Nonfat Pills -- The Jury Is Still Out On Sequester
HOW FAR WOULD YOU GO TO LOWER the fat in your diet? Cut out butter? Switch to skim milk? Stir-fry in broth?
How about taking a little ox bile before each meal?
That's what some people around here are doing, perhaps without knowing it.
The Northwest is the kickoff market for a new product out of Los Angeles called SeQuester. More than 7,000 packages (suggested price: $13.99) were sold in a six-week period from June to mid-July. In some stores, says company president Clark Holcolmb, SeQuester was outselling all other diet products combined.
I bought one of those 7,000. The package says SeQuester is a "natural nutritional fat sequestrant" that "reduces fat from the food you eat." Really? I can feed my cravings and enjoy the taste of high-fat foods without adding that fat to my personal collection?
I flipped the box over, finding more claims but not much about how the pills work. The ingredients, to my untrained eye, looked like mostly fiber.
Fiber is a key element, as I learned when talking with Dr. William Shell, the Beverly Hills cardiologist who invented SeQuester. But the fiber has been heated with sodium choleate - ox bile. The result is a mesh-like substance.
It works, Shell said, like this: You take one or two pills with water 30 minutes before meals. The bile attracts the fat, which gets trapped in the mesh, like fish in a net. The fat is passed through the digestive system and excreted with the indigestible fiber.
"Fiber in general will do that," Shell says. "The activated fiber just makes it more effective."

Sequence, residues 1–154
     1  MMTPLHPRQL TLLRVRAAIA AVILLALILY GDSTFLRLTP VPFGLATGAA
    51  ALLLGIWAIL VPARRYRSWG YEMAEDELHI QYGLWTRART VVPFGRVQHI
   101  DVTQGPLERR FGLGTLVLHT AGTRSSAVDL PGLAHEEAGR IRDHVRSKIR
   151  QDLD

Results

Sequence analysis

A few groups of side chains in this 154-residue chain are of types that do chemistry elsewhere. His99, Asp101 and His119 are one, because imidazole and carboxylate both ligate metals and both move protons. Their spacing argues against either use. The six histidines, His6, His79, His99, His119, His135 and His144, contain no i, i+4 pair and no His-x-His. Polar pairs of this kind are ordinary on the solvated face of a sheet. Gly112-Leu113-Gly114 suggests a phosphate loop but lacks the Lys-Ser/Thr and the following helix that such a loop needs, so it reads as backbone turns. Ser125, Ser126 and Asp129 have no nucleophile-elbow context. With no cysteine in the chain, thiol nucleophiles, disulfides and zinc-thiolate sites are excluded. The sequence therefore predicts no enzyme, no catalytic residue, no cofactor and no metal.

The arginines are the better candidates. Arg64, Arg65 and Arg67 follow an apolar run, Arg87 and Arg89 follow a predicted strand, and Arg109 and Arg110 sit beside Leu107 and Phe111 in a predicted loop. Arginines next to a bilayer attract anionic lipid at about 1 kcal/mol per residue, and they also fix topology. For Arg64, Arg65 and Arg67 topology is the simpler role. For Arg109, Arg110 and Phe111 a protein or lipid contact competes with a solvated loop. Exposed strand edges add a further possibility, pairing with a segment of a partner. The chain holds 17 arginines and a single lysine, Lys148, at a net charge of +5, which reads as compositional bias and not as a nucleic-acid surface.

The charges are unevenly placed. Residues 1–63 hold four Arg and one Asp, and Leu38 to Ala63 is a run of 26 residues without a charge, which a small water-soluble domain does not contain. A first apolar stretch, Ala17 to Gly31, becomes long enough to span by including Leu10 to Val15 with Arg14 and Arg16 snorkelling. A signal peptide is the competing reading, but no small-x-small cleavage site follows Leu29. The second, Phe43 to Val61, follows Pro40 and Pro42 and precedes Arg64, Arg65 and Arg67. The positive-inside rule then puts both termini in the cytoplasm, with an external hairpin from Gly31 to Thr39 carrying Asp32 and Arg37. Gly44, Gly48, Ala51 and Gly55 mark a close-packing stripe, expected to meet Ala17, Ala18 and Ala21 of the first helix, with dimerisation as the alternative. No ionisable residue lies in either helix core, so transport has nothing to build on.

According to Shell, SeQuester works best with a 1,200-calorie diet: "It doesn't work well without a diet." He also stressed that the pills should be used only with a balanced diet and exercise. The pills come with decent advice on those fronts. (SeQuester doesn't reduce fat already stored in the body; that's what the diet and exercise are for.) The brochure recommends taking the pills for at least 90 days to see results.
Side effects? In one test group, three of 10 people taking the pills experienced excess gas; diarrhea and abdominal cramping also are possible.
What bothers me more is that SeQuester seems to encourage some lack of accountability when it comes to what we put in our mouths. And I worry about people who don't eat normally, don't exercise and don't consult a physician before starting any weight loss or exercise program.
Besides, I still can't tell if SeQuester's claims are true. I consulted Dr. Lawrence Halpern, associate professor of pharmacology at the UW, and wound up with tips that could be used to evaluate any new product.
"I wonder what the scientific evidence is for the reduction of fat," Halpern said. "How much clinical trial has gone into this?"
I called for the data and received a 17-page fax. It included Shell's resume, summaries of five animal studies and six human studies (totaling 122 people) and the protocol for an ongoing study of eight more human subjects.
Halpern was not impressed. Who did the research, and where?
"One says, `An independent Utah laboratory...' " I read.
"Who paid for the study?" Halpern said. If SeQuester's company subsidized the research, "then they're not independent." (Shell's offices paid for the research.)
Halpern puts more credence in studies funded through what he called "normal channels," such as the National Institutes of Health. He'd like to see results published in peer-reviewed journals.
I talked to Shell again. His research hasn't been published, he said, because to do so would reveal trade secrets. "It's very frustrating for me," he said. "We will publish once SeQuester is established."
The decision is in the consumer's hands. "You have to know at what level you're trying to believe this guy," Halpern said. "If you want to believe him without any evidence, that's fine."
I'm inclined to follow the brochure's other advice, on healthful diet and exercise. I know that SeQuester's claims could be true, even if the research hasn't been published. But for some reason I wasn't keen to risk cramps, gas and diarrhea.
And that was before I found out about the bile.
Molly Martin is assistant editor of Pacific.
Copyright (c) 1994 Seattle Times Company, All Rights Reserved.